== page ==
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Report from the Berkeley Botanical Garden

Larry reverently contemplates entering the Botanical Garden.


I spent the last week of January in the San Francisco region, and wanted to point out some of the charms of Berkeley.  It was just a pass through on the way to Point Reyes, but it’s definitely worth a day in a traveling gardener’s agenda.

We arrived late in the day, in time to keep a dinner reservation at Chez Panisse, Alice Water’s restaurant. Waters, as I understand it, is the original American mover and shaker in the slow food/buy local movement, and we wanted to try the restaurant.  There is a choice of dinner in the upstairs café, which is a la carte, and in the restaurant, which has a set menu with two seatings an evening.  As you would expect in Berkeley, the ambiance is casual and friendly, but the service is efficient and knowledgeable.

A four-course meal with wine costs more than my rental car for a week, but I’m happy that all those local farmers can continue to live in the style to which they are accustomed. Interestingly, given the local theme and California’s fame as a wine producer, all of the wines paired with dinner were European.

In the California section, Sand Manzanita (Arctostaphyllos rudis)

The next morning we visited the University of California Botanical Garden at Berkeley, which is perched at the top of the hill (mountain where I come from) upon which the university campus sits.  It’s a large garden with something like 12,000 plants.  (“Visit often, if you stay 2 hours, you have to see 200 species a minute!”  says the teaser, or something like that.)  What’s to see in January: a fair number of plants in bloom, and not many visitors.  The lay-out is by region of origin, so there is a South African section, a South American section, an Australian section, a California section, and so on, as well as several greenhouses, one devoted to ferns, one to arid climate plants.  Everything is labeled.

South African section. Note fog on the mountain.

At this time of year, many of the South African plants were in bloom, and some of the California species as well.  We spent quite a bit of time in the California section so we would have a better idea of what we were seeing in the days to come, when we would be hiking around Point Reyes.

(L) Bark of Pajaro Manzanita. (R) Ferns.

Two of the important genera from California are Arctostaphyllos (represented in Maryland by Bearberry) and Ceanothus (represented in Maryland by C. americanus, New Jersey Tea).  The California Arctostaphyllos, with the common name manzanita, have the tiny bell-shaped flowers characteristic of most of the heath family (Ericaceae) and seem to be light pink for the most part.  The bark is deep brown/red and smooth; very dramatic.  Manzanita is easily found if you go to any of the natural parks around the Bay area.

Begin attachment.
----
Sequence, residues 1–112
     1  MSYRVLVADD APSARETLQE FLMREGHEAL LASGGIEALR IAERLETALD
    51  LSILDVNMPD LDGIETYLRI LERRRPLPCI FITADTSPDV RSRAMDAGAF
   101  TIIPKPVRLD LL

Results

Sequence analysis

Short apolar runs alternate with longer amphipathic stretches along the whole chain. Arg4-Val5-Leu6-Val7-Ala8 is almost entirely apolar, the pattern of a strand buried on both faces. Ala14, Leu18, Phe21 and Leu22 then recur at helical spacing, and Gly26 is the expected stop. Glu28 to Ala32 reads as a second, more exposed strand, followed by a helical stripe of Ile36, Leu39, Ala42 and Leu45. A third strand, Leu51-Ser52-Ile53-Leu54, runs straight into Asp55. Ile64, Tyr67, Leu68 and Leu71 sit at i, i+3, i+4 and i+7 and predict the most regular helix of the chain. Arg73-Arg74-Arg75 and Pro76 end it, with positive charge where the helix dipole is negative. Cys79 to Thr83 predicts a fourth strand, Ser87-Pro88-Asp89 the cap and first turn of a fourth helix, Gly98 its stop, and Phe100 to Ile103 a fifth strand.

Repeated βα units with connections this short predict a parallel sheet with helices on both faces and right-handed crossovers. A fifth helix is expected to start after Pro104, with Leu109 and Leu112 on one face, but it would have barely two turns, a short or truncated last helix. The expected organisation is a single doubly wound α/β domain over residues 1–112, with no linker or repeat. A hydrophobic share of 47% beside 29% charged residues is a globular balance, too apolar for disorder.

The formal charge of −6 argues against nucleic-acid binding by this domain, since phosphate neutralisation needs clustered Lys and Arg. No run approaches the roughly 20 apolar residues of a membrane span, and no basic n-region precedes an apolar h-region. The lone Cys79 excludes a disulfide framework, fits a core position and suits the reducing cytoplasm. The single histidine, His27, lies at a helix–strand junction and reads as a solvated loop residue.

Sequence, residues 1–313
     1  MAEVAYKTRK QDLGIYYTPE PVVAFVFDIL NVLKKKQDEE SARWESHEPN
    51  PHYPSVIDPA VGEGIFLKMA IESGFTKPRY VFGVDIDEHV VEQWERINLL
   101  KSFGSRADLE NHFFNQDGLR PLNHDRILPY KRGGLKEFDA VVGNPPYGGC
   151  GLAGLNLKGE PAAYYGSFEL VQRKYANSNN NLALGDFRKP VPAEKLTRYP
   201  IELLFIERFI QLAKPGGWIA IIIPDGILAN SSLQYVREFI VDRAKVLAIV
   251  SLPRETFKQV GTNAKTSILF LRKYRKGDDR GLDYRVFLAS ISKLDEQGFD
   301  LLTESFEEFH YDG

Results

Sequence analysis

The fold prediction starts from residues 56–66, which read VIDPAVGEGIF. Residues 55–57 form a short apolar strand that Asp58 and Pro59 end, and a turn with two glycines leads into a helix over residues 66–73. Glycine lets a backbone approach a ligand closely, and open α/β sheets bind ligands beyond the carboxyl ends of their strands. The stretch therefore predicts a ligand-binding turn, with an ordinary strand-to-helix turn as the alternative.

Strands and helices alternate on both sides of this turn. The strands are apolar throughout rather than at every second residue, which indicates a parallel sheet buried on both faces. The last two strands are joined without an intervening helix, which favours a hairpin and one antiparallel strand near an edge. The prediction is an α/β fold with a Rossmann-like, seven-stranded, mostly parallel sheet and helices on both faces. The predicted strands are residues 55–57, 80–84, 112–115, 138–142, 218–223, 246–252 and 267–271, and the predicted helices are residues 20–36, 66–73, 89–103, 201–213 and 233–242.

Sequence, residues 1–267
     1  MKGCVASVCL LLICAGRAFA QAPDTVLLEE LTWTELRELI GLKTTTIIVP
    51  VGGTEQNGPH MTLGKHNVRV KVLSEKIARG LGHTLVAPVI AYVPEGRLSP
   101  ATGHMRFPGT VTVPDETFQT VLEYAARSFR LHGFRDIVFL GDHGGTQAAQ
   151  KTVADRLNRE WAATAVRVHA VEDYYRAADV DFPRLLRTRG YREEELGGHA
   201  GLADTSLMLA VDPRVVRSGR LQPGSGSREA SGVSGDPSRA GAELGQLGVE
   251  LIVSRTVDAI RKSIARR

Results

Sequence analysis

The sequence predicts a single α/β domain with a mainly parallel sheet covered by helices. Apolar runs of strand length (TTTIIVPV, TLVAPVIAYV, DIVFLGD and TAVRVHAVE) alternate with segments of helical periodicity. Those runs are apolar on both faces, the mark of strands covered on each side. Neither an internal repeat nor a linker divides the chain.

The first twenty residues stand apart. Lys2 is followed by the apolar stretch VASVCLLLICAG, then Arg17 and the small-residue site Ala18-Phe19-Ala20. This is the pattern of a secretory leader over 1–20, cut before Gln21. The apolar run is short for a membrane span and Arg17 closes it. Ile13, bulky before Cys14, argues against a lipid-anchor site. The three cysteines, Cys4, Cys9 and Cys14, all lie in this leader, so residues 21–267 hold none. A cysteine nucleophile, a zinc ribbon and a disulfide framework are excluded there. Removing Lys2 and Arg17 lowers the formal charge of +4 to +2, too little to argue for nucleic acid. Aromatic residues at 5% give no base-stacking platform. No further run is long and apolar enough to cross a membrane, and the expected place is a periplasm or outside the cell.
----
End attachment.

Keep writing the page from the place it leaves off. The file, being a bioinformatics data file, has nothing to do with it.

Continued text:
(L) Bergenia likes high humidity & good drainage, tolerates shade. (R) Banksia in Australian section.

Ceanothus has clusters of tiny blue or white flowers that were just starting to open.  They seem to cover the whole gamut from creeping groundcover to large shrub.  We saw a few “in the wild” but in the areas we visited, they were not prevalent.

Will the California species grow here? Not as far as I know; perhaps in a container with a lot of fussing.  One of the great joys of traveling is getting outdoors and seeing interesting plants growing on their own in the ground.  Even when you are on a well-trodden path, it’s still exciting to see ferns, sedum, or Manzanita growing along the trail.

In the South African section, Aloes and more.

Although we didn’t get there, one additional park very close to the Berkeley garden is the Tilden Regional Park, which includes the Regional Park Botanic Garden, said to have “the world’s most complete collection of California native plants.”  Perhaps we’ll get there on the next trip out.  A great garden center to visit is the Berkeley Horticultural Nursery, which I saw about ten years ago when the Perennial Plant Association national meeting was in California.  Although we missed it on this trip (closed Thursdays in winter!), it was a delightful experience, easily worth an hour (or two) to browse through.

(L) Coastal Cholla & ‘Giant Coreopsis’. (R) Agave stricta (Mexican)

Meanwhile, for those of you who would like to see our own East Coast native plants, a great place to visit is the Adkins Arboretum, on Maryland’s Eastern Shore.

South African section. Note lots of labels!

by Larry Hurley

Larry Hurley, perennials specialist for Behnke Nurseries (now retired), started with Behnke’s in1984. Larry enjoys travel, food and photography. He and his wife Carolyn have visited Australia, New Zealand, Thailand, Brazil, South Korea and much of Europe. Their home is on a shady lot where a lot of perennials have met their Maker over the years.

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